Rep. Mario Biaggi, D-N.Y., convicted twice for corruption, said Friday he was resigning from Congress immediately and would not seek re-election for the seat he has held for 20 years.

In a brief statement issued moments before a late afternoon news conference, Biaggi said he he had no regrets and would devote all of his time to fighting the convictions."I will therefore be unable to serve the needs and interests of my consistuents to the degree that they deserve," the statement said. "Furthermore, in light of these all-consuming legal battles I must continue to fight, I am withdrawing as a candidate for re-election to an 11th term in Congress.

Biaggi's resignation came at his Bronx headquarters, a storefront office crammed with newsmen and photographers.

Biaggi, 70, was found guilty in Manhattan federal court of extorting $3.6 million in stock from Wedtech Corp. in exchange for helping the South Bronx machine shop obtain lucrative Pentagon defense contracts. Biaggi's son and four co-defendants also were convicted of various charges in the scheme.

Biaggi faces a maximum of 146 years in prison and a fine of $7.4 million at his sentencing Nov. 18. He also must forfeit $350,000 in ill-gotten profits.

Biaggi has been banned from voting in Congress because of his federal court conviction last September for obstruction of justice and accepting illegal gratuities. On Sept. 7, the House was to debate an ethics committee recommendation that Biaggi be expelled from Congress.

"I admit I leave with sadness, but with no regrets. I will look back with satisfaction, but I also look forward with hope and optimism," the statement said.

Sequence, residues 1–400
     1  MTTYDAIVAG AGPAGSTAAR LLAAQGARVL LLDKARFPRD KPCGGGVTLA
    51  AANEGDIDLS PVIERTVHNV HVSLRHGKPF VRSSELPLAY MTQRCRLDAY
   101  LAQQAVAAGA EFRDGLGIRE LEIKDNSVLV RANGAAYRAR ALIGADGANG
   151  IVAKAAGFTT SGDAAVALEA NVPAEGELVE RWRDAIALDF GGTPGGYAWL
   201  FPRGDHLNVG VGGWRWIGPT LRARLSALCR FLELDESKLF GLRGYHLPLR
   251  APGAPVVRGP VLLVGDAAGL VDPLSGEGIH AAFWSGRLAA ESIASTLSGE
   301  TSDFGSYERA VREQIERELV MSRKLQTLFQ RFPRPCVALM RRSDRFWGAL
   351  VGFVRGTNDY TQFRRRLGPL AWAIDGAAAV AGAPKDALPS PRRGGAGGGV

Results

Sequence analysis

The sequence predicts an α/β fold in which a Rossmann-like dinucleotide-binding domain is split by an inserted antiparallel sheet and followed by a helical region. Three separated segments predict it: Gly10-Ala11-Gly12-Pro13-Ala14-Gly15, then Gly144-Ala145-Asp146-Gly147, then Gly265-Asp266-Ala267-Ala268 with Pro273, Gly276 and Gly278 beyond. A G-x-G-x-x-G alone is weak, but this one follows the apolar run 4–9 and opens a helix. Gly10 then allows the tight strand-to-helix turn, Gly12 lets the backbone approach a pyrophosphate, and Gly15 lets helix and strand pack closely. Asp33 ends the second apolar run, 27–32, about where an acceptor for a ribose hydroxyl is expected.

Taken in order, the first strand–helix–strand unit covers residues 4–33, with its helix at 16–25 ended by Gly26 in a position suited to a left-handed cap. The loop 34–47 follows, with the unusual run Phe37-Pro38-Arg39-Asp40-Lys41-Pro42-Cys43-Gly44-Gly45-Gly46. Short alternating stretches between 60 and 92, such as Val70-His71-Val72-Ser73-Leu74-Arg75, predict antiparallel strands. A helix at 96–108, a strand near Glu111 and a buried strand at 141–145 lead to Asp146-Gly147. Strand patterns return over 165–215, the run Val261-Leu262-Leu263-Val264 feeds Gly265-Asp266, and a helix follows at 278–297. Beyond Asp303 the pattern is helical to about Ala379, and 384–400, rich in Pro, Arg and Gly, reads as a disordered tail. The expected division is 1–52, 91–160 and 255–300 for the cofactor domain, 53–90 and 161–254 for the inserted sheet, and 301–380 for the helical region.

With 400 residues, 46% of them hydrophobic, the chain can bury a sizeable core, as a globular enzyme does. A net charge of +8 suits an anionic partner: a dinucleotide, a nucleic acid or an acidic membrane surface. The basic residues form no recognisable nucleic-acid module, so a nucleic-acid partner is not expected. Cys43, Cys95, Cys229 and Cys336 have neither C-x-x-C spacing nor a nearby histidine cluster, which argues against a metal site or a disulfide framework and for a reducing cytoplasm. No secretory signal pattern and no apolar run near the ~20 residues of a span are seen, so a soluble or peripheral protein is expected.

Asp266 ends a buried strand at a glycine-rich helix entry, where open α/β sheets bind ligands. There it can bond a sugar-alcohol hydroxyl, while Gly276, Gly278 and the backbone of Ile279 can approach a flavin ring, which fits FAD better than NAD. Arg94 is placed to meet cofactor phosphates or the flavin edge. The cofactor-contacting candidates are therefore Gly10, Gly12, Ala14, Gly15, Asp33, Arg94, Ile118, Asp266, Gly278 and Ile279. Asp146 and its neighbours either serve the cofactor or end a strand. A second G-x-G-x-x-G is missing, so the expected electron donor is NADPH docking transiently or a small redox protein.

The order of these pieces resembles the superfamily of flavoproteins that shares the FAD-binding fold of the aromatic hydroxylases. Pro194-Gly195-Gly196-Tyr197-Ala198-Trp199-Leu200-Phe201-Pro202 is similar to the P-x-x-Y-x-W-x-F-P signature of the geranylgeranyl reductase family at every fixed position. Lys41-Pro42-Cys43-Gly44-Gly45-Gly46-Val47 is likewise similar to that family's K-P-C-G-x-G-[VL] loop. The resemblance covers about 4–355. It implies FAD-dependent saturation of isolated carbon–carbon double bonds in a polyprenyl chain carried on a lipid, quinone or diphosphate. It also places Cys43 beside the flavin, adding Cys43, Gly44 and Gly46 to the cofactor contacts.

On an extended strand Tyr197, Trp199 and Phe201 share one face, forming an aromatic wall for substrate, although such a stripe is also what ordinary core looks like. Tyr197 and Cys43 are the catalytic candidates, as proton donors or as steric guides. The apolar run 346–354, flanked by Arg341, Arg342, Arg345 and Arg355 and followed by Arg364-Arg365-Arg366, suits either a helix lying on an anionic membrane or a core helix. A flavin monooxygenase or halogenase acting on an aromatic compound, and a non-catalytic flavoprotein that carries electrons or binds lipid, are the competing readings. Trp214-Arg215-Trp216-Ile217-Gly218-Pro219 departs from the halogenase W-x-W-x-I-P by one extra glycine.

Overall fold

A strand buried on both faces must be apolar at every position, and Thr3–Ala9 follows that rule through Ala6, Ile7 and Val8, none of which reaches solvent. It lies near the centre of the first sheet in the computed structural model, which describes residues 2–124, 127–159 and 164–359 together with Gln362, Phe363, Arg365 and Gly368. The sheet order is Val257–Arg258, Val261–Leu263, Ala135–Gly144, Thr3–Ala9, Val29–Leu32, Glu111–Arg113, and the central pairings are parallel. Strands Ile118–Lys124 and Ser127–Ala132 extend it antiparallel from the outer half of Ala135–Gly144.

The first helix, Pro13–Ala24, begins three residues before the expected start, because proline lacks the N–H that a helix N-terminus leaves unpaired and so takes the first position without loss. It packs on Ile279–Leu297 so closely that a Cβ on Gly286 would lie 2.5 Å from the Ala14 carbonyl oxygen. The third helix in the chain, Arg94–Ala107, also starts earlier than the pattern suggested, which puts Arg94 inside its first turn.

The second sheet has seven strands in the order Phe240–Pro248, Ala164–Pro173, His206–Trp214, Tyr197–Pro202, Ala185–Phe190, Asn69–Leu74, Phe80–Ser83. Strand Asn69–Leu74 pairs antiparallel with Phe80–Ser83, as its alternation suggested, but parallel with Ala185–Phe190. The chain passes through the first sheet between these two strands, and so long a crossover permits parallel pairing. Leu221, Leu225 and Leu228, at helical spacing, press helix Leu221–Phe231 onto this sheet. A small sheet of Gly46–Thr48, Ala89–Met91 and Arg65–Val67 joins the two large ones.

"I hope that with passage of time, people will look back and say he really cared and nothing can or will take away all of the good he has done."

House Democratic leader Thomas Foley of Washington announced the expulsion debate but left open the possibility that no action would be taken if Biaggi resigned before that date.

A federal appeals court Monday upheld Biaggi's conviction and 30-month sentence in that case but Biaggi vowed to appeal to the Supreme Court.

The state Board of Elections Thursday rejected political opponents' efforts to strip Biaggi's name from the November ballot, allowing him to proceed with his bid for an 11th term in office.

U.S. Attorney Rudolph Giuliani called the Wedtech investigation "one of the most comprehensive and revealing" corruption probes ever. Giuliani had called on Congress to expel Biaggi.

"It has revealed corruption implicating the Congress and the executive branch of the federal and the local government here and elsewhere," he said.

Biaggi's campaign treasury has been depleted by his vast legal expenses, insiders said.

Biaggi also has heart problems and felt a sharp pain in his chest after Thursday's verdict, officials said. His family said he is scheduled for tests and is under a doctor's care.

The jury found Biaggi guilty of racketeering, racketeering conspiracy, extortion, bribe taking, mail fraud, illegal receipt of a gratuity and income tax evasion. His lawyer, James LaRossa, said he will appeal.